Assessment of depression

Participants’ depression was evaluated in a mobile examination center by trained interviewers using a computer-assisted personal interviewing system. The Patient Health Questionnaire (PHQ-9) score was used to assess depression. An individual participant data meta-analysis compared the PHQ-9 score with the diagnosis of major depression in a validated diagnostic interview. It was found that PHQ-9 was more sensitive than the semi-structured diagnostic interview (designed for the management of clinicians). A cut-off score of 10 or above maximized the overall sensitivity and specificity of the whole and subgroups[23]. Additionally, another article found that when the interview results of mental health professionals were used to evaluate the effectiveness of PHQ-9 results, the sensitivity and specificity of PHQ-9 score ≥ 10 for major depression could reach as high as 88%[24]. The PHQ-9 is a nine-item depression screening instrument that evaluates the frequency of symptoms of depression in the past two weeks [24]. Response categories of “not at all,” “several days,” “more than half the days,” and “nearly every day” were scored 0, 1, 2 and 3 respectively. Summary scores ranged from 0 to 27. Depression was defined using a cutoff score of 10 or higher, a well-validated cutoff point used in primary care settings[24].

Assessment of PA and SB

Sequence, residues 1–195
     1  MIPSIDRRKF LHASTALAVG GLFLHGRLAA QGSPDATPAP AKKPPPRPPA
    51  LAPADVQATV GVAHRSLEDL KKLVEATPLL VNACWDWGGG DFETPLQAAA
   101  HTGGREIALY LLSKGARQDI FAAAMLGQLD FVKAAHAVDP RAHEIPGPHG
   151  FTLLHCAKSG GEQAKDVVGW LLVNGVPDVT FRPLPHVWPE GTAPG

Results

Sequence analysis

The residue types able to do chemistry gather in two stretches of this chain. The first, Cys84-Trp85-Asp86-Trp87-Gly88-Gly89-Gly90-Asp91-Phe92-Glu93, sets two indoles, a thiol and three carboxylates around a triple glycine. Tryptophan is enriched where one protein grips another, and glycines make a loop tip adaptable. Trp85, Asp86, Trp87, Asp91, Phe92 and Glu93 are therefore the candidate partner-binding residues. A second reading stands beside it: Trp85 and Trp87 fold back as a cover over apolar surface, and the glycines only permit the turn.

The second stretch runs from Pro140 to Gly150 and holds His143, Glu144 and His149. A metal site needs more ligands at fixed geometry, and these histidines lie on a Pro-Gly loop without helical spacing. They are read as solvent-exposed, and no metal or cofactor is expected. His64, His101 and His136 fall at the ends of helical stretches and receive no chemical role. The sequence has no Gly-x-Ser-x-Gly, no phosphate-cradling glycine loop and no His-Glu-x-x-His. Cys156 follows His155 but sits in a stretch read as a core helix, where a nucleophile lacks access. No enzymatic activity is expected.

As independent variables, information on PA and SB was self-reported in NHANES using the Global Physical Activity Questionnaire (GPAQ). The GPAQ has been validated in other populations, with the reliability of moderate to substantial strength (Kappa0.67 to 0.73; Spearman’s rho 0.67 to 0.81), and concurrent validity between International Physical Activity Questionnaire (IPAQ) and GPAQ is moderate to strongly positive (range 0.45 to 0.65). In short, GPAQ provides repeatable data and shows a moderately strong positive correlation with IPA[25]. According to the WHO Guidelines on PA and SB[26], participants who engaged in ≥ 150 min/week of moderate-intensity aerobic PA, ≥ 75 min/week of vigorous-intensity aerobic PA, or had an equivalent combination of moderate and vigorous PA (1 min of vigorous PA is equivalent to 2 min of moderate PA) totaling at least 150 min/week were defined as meeting the guidelines. According to the reported number of days and time in minutes spent on moderate or vigorous work activity and moderate or vigorous recreational activity, participants were classified as having insufficient moderate-to-vigorous work activity (MVWA) (˂150 min/week), insufficient moderate-to-vigorous recreational activity (MVRA) (˂150 min/week), sufficient MVWA (≥ 150 min/week), and sufficient MVRA (≥ 150 min/week). In addition, based on the self-reported number of days and time spent walking/cycling, sufficient walking/cycling was defined as walking/bicycling for at least 150 min per week. Participants whose walking/cycling time was less than 150 min/week were defined as having insufficient walking/cycling. SB is defined as activities that do not increase energy expenditure above the resting level (i.e., < 1.5 metabolic equivalents) and includes time spent on activities such as sitting and lying down during waking hours, working on a computer, watching TV, and engaging in other forms of screen-based entertainment[27]. The duration of SB was calculated using the self-reported time usually spent sitting on a typical day (PAD 680), ranged from 0 to 1320 min per day [28].